It is being reported via Service Wire, Michelle Malkin’s blog, & other sites that President Obama will be addressing the nation’s schoolchildren on September 8th, 2009, in the interest of promoting persistence in education to achieve success. It sounds innocuous enough, and certainly, no one would suggest that America’s schoolchildren should go out of their way to fail academically, or in life.

America’s teachers have been provided with helpful tips, from Teaching Ambassador Fellows, U.S. Department of Education, to aid in personalizing the president’s message to the youngsters with activities and questions that can be explored during and after the president’s address thereby making it a more interactive and memorable experience. Some of the ideas highlighted at Michelle Malkin’s blog to implement during and after the speech include the following:

During the Speech:

• As the President speaks, teachers can ask students to write down key ideas or phrases that are important or personally meaningful. Students could use a note-taking graphic organizer such as a Cluster Web, or students could record their thoughts on sticky notes. Younger children can draw pictures and write as appropriate. As students listen to the speech, they could think about the following:

What is the President trying to tell me?

What is the President asking me to do?

What new ideas and actions is the President challenging me to think about?

• Students can record important parts of the speech where the President is asking them to do something. Students might think about: What specific job is he asking me to do? Is he asking anything of anyone else? Teachers? Principals? Parents? The American people?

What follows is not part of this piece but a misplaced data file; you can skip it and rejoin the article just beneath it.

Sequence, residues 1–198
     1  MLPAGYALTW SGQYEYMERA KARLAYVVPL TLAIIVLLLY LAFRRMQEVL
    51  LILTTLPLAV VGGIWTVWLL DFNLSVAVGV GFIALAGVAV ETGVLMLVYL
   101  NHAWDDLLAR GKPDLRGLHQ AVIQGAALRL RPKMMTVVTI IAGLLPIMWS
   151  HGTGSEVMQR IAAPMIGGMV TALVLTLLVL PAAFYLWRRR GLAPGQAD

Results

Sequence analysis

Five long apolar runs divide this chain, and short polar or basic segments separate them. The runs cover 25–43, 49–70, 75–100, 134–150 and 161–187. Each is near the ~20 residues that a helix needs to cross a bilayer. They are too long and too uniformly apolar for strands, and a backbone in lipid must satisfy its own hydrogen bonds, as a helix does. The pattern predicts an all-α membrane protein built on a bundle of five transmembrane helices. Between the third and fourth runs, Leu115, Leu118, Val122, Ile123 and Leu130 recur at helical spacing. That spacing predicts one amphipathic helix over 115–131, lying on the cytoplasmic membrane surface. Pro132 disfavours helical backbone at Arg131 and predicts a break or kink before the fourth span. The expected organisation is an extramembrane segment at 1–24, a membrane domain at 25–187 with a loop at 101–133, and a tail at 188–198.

• Students can record any questions they have while he is speaking and then discuss them after the speech. Younger children may need to dictate their questions.

After the Speech:

• Teachers could ask students to share the ideas they recorded, exchange sticky notes or stick notes on a butcher paper poster in the classroom to discuss main ideas from the speech, i.e. citizenship, personal responsibility, civic duty.
• Students could discuss their responses to the following questions:

What do you think the President wants us to do?

Does the speech make you want to do anything?

Are we able to do what President Obama is asking of us?

Of particular interest, however, is the following question put forth for educators to ask the impressionable young minds in the captive audience:

“Why is it important that we listen [emphasis added], to the President and other elected officials, like the mayor, senators, members of congress, or the governor? Why is what they say important? [emphasis added]

Let us consider not only the verbiage in the suggested question above, but let us consider the context in which it is used. Shall we? As already noted, the people in the target audience for Mr. Obama’s speech are children, and children are impressionable. The fact that they will view Mr. Obama’s speech in the scholastic setting subtly accomplishes the following: